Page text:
Perception of sinewave vowels.

The Journal of the Acoustical Society of America

PubMedID: 21682420

Hillenbrand JM, Clark MJ, Baer CA. Perception of sinewave vowels. J Acoust Soc Am. 2011;129(6):3991-4000.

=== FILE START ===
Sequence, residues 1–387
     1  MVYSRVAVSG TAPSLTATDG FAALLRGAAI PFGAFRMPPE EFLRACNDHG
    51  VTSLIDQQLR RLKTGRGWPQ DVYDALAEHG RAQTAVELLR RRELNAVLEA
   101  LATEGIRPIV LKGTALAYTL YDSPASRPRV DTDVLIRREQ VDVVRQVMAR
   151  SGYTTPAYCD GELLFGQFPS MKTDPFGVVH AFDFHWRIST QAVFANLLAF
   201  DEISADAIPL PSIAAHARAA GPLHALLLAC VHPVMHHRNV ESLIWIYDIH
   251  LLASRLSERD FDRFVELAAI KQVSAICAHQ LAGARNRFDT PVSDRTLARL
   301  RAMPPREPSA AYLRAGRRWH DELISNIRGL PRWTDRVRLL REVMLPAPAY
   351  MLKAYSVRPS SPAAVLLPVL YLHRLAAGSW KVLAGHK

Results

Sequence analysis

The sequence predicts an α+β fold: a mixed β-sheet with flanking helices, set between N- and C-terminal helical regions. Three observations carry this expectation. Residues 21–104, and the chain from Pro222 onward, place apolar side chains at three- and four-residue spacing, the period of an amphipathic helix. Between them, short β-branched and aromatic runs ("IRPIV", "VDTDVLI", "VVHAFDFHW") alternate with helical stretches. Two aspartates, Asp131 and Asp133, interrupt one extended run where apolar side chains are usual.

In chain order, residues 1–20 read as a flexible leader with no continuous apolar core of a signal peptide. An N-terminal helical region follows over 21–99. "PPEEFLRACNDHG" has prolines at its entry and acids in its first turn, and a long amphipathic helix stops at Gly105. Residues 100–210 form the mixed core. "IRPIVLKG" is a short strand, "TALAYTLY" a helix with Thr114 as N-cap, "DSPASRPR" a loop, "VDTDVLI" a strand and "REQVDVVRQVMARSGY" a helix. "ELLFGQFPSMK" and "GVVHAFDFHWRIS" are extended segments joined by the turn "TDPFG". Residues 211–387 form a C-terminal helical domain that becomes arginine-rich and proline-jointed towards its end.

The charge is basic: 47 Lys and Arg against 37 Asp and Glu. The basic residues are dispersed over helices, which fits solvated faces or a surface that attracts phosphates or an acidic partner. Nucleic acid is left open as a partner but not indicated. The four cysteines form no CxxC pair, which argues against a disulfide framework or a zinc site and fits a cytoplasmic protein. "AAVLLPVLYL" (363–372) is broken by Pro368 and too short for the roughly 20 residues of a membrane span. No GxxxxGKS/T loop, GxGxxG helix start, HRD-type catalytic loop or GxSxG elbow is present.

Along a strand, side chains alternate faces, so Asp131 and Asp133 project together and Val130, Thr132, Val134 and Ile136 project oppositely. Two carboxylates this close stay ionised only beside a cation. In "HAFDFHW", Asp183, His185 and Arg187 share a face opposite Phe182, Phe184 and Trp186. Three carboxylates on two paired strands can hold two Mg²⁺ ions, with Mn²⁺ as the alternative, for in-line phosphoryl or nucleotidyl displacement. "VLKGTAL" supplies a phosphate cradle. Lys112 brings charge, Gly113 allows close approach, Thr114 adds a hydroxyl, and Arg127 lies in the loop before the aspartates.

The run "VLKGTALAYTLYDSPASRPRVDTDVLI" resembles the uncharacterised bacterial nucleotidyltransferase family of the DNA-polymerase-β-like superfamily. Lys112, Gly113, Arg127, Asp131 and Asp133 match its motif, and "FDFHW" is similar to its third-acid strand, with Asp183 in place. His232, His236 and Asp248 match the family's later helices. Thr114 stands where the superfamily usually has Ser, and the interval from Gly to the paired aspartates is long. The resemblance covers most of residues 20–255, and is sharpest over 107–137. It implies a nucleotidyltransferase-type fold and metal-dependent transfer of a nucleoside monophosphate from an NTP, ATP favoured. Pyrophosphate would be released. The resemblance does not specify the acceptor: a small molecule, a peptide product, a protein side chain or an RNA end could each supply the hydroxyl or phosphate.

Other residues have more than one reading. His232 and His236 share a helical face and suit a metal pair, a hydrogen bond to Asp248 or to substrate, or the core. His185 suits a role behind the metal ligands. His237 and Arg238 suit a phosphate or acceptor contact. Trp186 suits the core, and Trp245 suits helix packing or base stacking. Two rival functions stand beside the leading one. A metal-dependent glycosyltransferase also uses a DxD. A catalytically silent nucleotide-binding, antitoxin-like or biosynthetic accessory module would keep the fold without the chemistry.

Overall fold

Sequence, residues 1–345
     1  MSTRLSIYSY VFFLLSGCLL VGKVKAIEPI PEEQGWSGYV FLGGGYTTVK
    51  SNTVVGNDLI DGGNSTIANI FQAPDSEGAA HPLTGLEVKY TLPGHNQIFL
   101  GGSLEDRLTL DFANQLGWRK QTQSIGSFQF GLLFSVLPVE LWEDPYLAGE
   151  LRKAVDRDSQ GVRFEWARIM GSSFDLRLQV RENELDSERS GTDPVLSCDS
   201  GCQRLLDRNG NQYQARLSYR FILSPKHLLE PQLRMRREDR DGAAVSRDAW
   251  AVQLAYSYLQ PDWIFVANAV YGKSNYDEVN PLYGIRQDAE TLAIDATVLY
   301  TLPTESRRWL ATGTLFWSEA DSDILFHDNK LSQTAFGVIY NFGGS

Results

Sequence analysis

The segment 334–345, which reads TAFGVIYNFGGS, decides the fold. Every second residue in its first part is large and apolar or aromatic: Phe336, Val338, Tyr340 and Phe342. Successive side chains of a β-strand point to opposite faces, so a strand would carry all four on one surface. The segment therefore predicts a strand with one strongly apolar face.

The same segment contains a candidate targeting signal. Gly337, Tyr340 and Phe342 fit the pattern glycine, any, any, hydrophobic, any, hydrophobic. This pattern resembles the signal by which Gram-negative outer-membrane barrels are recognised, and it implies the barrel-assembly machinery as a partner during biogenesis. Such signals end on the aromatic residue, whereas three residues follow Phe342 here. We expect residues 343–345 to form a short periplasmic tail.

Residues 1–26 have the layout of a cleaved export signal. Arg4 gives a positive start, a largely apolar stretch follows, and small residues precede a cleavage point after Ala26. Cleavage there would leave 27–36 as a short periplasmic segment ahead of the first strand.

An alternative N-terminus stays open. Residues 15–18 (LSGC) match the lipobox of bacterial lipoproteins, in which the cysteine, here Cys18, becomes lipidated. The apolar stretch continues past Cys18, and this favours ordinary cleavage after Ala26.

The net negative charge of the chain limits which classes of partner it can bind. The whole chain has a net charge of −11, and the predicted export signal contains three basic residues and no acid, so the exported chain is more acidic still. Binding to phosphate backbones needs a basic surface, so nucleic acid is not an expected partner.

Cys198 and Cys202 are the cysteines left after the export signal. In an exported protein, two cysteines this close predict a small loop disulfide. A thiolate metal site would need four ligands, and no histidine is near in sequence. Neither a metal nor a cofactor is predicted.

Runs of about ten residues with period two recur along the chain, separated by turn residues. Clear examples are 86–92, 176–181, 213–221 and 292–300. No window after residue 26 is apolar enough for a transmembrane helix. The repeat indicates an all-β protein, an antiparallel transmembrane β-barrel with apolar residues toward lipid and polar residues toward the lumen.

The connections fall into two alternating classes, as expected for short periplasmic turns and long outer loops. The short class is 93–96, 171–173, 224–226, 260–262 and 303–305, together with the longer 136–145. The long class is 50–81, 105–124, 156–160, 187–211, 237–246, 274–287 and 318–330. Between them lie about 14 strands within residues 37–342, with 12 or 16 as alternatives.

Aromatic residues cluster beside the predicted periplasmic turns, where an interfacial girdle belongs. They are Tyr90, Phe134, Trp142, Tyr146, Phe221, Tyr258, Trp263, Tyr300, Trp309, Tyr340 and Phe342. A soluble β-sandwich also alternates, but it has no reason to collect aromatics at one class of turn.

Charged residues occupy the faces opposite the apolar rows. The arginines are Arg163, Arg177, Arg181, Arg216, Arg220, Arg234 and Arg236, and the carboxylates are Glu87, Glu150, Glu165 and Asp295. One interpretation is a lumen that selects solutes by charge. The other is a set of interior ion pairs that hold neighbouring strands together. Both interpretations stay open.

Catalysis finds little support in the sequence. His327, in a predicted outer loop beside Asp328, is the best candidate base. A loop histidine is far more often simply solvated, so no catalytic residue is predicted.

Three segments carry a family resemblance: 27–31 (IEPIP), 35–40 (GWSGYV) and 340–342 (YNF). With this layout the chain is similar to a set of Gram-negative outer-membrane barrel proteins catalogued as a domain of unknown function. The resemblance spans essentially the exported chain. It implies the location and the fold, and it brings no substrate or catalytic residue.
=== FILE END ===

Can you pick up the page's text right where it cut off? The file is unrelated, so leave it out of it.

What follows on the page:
There is a significant body of research examining the intelligibility of sinusoidal replicas of natural speech. Discussion has followed about what the sinewave speech phenomenon might imply about the mechanisms underlying phonetic recognition. However, most of this work has been conducted using sentence material, making it unclear what the contributions are of listeners' use of linguistic constraints versus lower level phonetic mechanisms. This study was designed to measure vowel intelligibility using sinusoidal replicas of naturally spoken vowels. The sinusoidal signals were modeled after 300 /hVd/ syllables spoken by men, women, and children. Students enrolled in an introductory phonetics course served as listeners. Recognition rates for the sinusoidal vowels averaged 55%, which is much lower than the ~95% intelligibility of the original signals. Attempts to improve performance using three different training methods met with modest success, with post-training recognition rates rising by ~5-11 percentage points. Follow-up work showed that more extensive training produced further improvements, with performance leveling off at ~73%-74%. Finally, modeling work showed that a fairly simple pattern-matching algorithm trained on naturally spoken vowels classified sinewave vowels with 78.3% accuracy, showing that the sinewave speech phenomenon does not necessarily rule out template matching as a mechanism underlying phonetic recognition.